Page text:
Otosclerosis and Stapedectomy
There are many potential causes of conductive hearing loss. Otosclerosis is a condition in which the stapes bone becomes fixated by abnormal bone growth over time. This condition results in a conductive hearing loss that can become severe over time. Otosclerosis can usually be diagnosed with an otolaryngology examination and hearing test.
Figure 1 Normal hearing mechanism
The hearing can be restored with a surgical procedure called stapedectomy. Hearing aids can be helpful in patients who do not desire surgical treatment.
Stapes fixation due to otosclerosis or other causes can be corrected with a surgical procedure called stapedectomy. The procedure is an outpatient surgery that takes 30 to 40 minutes. It is performed under local or general anesthesia. The surgery is performed through the ear canal.
How the Surgery Works
The non-functioning stapes bone is removed and replaced with an artificial implant.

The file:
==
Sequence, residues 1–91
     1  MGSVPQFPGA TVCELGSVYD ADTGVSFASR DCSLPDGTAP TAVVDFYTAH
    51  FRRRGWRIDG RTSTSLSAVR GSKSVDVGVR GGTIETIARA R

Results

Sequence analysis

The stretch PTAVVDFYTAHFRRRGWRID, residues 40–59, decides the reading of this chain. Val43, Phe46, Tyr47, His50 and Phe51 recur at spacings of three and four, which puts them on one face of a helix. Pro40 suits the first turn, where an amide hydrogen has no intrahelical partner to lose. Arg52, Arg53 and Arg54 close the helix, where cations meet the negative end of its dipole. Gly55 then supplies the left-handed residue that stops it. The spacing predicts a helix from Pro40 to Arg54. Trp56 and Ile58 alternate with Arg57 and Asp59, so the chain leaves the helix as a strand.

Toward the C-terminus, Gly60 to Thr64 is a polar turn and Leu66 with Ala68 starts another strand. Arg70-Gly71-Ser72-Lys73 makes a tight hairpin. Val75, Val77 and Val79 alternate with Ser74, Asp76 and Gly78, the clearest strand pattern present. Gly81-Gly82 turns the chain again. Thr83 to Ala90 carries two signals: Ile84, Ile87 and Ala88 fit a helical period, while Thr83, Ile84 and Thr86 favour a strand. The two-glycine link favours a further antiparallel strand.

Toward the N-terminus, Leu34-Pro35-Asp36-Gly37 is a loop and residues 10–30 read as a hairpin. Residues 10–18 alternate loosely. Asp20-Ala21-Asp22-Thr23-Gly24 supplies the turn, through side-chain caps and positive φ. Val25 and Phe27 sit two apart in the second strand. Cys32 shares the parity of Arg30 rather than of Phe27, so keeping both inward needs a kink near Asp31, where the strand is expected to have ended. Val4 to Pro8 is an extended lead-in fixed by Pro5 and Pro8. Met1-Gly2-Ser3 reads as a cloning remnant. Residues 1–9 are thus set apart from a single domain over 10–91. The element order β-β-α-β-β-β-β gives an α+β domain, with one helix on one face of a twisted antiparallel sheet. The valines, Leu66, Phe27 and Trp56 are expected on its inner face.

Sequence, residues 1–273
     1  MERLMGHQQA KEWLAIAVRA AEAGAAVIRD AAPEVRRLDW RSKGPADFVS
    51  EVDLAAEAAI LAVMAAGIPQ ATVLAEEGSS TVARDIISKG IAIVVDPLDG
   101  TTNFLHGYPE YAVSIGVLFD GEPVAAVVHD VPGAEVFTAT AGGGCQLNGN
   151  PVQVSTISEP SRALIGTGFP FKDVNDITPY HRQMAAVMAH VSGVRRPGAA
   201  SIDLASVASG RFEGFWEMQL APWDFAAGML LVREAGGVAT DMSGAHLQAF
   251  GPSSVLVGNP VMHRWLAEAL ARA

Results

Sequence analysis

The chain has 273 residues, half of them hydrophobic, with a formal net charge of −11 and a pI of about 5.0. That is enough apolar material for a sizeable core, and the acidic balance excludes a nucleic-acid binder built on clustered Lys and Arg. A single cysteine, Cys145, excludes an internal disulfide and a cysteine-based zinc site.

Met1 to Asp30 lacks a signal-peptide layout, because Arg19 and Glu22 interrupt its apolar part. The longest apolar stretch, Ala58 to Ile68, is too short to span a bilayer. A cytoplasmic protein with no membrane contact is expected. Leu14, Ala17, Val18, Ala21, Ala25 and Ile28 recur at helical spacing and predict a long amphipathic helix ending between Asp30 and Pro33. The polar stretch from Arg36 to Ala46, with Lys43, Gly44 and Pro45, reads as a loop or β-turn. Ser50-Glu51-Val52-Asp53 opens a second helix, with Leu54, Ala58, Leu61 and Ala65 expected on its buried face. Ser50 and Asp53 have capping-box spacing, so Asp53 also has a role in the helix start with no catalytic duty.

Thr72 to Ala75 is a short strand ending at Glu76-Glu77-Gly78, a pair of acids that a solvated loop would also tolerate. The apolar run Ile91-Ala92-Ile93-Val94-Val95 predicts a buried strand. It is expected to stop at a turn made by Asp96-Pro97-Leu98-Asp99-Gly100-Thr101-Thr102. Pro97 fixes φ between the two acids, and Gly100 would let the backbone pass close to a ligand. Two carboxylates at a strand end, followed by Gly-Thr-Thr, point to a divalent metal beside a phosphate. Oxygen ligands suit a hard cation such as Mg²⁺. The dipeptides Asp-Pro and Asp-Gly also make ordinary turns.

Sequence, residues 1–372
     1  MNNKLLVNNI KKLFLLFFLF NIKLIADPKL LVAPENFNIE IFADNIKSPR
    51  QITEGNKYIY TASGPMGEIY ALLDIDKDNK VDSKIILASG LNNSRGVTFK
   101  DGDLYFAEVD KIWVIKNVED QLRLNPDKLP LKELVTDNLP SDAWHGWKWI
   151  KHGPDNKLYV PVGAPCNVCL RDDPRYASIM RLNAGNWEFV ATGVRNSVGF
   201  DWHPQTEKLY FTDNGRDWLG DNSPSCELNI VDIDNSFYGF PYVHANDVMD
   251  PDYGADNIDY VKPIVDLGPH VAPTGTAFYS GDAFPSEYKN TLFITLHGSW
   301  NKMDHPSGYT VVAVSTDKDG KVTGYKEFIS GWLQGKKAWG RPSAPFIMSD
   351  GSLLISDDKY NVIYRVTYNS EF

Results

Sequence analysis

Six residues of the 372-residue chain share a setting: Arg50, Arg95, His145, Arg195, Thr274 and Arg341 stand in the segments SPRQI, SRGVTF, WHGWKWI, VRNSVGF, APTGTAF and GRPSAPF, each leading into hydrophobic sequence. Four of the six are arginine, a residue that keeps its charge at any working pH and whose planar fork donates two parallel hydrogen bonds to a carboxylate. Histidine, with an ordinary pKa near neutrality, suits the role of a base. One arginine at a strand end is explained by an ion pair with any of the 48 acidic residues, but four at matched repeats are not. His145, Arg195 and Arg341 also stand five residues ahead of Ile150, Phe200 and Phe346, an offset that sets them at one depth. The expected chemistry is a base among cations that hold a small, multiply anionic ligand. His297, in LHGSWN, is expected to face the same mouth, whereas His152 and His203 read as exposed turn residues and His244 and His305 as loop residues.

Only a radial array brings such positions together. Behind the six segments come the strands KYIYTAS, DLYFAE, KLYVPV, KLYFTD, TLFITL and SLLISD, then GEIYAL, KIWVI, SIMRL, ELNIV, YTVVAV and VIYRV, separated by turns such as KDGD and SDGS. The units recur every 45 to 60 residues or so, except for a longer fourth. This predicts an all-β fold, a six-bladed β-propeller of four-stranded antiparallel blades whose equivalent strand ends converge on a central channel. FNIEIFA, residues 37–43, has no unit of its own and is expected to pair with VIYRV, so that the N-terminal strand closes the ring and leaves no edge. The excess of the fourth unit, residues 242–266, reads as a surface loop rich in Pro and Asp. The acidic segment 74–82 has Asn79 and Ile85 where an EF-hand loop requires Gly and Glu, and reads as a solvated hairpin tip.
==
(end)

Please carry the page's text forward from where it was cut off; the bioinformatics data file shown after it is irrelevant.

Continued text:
Figure 1 Stapes bone fixated (right ear).
Figure 2 Stapes bone replaced with implant (right ear).
After Surgery Care
Antibiotic ear drops are used in the ear after surgery. Regular activities are started the next day. Patients are typically seen 3 weeks after surgery to ensure proper healing and a hearing test is performed.
How Long Does the Surgical Correction Last?
The hearing implant typically lasts for the life of the patient. In a small number of cases, the implant function may decrease over time. In these cases, revision surgery can often restore the hearing again.